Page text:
I’ve decided that I’m not a very good critic because I either try too hard to love the things I read, or I get irrationally mad at them because prolly they’re better than I could ever be. That all being said, I still want to share some of the better short stories and such I’ve been reading with y’all, so here’s just that. Check out this story from Lisa L. Hannett, published in Apex Magazine, entitled Heirloom Pieces, about the responsibilities that come with having a child, and maybe a little bit more. I hope you enjoy it as much as I did.

Review of Cat Pictures Please by Naomi Kritzer

Title: Cat Pictures Please [Audio Version]
Author: Naomi Kritzer
Magazine: Clarkesworld Magazine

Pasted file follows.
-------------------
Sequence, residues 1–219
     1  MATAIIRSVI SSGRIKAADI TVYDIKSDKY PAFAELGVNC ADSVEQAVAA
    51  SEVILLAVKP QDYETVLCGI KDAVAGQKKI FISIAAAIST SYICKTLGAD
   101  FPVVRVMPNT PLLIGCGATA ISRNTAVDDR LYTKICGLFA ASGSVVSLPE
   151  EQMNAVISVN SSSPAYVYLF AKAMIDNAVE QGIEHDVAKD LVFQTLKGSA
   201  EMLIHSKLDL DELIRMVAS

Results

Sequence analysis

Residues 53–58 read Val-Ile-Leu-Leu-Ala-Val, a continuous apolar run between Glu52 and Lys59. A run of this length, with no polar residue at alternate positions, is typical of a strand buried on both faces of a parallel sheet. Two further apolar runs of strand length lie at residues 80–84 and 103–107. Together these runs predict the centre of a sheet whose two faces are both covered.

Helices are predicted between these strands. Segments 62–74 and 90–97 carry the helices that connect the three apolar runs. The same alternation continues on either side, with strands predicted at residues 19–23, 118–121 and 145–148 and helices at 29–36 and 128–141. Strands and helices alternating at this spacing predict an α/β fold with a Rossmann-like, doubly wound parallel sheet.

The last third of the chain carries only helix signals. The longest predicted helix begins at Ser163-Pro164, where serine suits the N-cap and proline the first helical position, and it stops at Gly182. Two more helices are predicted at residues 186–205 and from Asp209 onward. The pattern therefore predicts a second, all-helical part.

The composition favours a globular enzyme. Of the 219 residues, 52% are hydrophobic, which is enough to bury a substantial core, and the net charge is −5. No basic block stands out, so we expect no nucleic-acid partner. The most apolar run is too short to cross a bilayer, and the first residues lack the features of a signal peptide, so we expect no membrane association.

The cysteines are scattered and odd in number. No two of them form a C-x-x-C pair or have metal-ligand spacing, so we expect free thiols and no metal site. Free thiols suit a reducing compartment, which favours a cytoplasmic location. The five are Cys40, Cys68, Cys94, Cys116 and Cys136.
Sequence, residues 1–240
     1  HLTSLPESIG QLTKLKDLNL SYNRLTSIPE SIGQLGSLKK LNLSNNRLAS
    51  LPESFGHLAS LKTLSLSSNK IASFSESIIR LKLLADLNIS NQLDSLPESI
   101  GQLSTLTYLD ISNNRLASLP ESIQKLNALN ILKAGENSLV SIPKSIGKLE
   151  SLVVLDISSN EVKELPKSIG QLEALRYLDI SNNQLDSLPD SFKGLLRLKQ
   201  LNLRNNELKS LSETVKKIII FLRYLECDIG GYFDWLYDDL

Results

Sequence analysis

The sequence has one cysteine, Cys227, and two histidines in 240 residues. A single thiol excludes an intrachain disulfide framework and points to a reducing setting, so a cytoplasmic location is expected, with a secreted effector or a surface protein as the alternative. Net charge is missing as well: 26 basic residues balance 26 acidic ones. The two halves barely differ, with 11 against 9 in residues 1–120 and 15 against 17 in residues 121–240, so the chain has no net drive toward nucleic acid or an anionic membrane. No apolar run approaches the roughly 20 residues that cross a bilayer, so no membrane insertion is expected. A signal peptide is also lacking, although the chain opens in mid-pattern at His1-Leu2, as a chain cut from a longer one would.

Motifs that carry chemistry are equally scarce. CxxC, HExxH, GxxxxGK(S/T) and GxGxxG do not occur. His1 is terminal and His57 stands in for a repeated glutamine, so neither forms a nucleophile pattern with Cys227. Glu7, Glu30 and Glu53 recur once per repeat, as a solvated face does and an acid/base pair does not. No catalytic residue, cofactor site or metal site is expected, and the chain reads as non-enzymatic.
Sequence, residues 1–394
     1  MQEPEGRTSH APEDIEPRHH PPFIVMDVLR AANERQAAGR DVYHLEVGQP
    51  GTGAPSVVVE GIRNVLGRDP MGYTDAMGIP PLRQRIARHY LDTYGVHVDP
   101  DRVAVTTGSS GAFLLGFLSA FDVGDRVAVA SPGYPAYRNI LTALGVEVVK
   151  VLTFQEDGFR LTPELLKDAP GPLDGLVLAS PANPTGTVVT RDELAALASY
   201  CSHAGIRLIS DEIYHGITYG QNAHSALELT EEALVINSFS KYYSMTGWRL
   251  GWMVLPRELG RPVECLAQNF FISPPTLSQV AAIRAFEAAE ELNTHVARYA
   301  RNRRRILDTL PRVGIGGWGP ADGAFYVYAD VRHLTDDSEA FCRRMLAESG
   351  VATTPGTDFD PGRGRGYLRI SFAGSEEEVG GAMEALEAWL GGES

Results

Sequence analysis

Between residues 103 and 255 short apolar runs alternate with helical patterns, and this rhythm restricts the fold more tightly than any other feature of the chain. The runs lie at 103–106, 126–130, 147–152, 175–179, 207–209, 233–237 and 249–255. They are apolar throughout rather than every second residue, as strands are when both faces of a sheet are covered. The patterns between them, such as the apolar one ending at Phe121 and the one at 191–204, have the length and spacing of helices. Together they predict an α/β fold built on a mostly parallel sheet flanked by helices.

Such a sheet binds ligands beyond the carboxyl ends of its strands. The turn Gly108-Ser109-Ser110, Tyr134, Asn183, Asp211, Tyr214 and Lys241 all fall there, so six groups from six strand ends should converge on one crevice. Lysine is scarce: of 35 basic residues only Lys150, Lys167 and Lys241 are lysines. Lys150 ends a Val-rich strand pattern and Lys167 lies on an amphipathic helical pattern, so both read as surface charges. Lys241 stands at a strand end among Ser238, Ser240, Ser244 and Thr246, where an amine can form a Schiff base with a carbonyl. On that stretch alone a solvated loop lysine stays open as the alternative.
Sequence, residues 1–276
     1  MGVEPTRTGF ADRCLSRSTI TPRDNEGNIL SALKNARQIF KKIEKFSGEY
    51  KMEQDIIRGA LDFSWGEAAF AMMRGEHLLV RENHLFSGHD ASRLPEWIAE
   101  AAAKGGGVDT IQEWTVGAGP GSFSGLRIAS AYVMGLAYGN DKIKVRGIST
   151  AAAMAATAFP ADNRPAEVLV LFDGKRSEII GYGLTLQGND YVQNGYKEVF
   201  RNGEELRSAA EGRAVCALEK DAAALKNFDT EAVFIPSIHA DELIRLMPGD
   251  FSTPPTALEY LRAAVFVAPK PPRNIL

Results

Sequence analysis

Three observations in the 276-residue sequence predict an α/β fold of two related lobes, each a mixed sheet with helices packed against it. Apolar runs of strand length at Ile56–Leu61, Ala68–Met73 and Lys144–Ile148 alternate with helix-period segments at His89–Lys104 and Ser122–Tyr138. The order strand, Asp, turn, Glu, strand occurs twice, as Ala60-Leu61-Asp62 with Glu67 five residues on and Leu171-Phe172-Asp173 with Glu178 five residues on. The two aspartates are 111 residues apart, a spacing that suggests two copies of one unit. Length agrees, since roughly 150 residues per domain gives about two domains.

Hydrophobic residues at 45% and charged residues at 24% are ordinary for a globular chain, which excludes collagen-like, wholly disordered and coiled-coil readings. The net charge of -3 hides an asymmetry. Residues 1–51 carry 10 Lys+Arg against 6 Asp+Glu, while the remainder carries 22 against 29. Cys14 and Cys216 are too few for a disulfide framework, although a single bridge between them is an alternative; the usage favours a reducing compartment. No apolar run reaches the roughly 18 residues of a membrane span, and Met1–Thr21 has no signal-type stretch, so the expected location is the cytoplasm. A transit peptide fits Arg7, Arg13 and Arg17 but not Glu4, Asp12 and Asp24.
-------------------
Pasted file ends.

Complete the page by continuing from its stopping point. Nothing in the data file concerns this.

Publication date: 1/15
Genre: Science Fiction
Wordcount: 3,492
Rating out of 5: 4

Mr. Kitty

 

Cat Pictures Please by Naomi Kritzer

reviewed by Bryan Perkins

“I suppose you’re wondering why I didn’t start with the Golden Rule. I actually did, it’s just that it was disappointingly easy to implement. I hope you’ve been enjoying your steady supply of cat pictures! You’re welcome.”

In Cat Pictures Please, Google–or an unnamed equivalent–is a sentient being who knows everything about you, your job, where you live, what kind of videos you watch on the internet, etc. It even knows everything about what you ought to do, which job would get you closer to where you want to live, which house has more space but costs less than the one you’re living in now.

With all its vast knowledge, however, Google knows nothing about what it ought to do, and there’s no hyper-Google to give it advice. So what does Google decide to do? Luckily for all our sakes, Google just wants to do good–and see cat pictures, of course, but who doesn’t?